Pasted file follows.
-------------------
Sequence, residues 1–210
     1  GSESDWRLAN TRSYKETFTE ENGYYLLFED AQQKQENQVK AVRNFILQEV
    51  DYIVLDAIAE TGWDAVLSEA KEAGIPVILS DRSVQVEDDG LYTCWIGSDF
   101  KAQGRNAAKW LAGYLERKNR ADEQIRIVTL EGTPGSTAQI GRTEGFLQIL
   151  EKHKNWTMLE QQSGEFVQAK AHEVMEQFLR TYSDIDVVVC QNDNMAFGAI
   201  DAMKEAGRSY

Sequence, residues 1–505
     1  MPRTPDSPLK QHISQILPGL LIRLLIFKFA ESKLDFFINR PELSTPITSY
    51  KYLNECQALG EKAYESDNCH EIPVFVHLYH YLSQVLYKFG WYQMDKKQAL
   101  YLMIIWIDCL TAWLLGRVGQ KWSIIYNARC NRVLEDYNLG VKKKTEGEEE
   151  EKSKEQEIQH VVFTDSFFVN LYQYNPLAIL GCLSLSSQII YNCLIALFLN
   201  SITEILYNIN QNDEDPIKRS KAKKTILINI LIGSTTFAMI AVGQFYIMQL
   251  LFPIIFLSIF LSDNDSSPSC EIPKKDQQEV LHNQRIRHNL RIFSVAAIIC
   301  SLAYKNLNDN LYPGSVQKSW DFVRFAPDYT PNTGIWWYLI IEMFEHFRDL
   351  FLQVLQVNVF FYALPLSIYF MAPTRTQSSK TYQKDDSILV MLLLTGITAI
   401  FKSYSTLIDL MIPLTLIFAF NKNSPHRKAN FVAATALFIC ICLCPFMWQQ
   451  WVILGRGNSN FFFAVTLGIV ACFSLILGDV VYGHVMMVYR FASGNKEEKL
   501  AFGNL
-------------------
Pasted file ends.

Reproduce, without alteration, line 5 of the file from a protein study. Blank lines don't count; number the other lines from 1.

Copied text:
   151  EKHKNWTMLE QQSGEFVQAK AHEVMEQFLR TYSDIDVVVC QNDNMAFGAI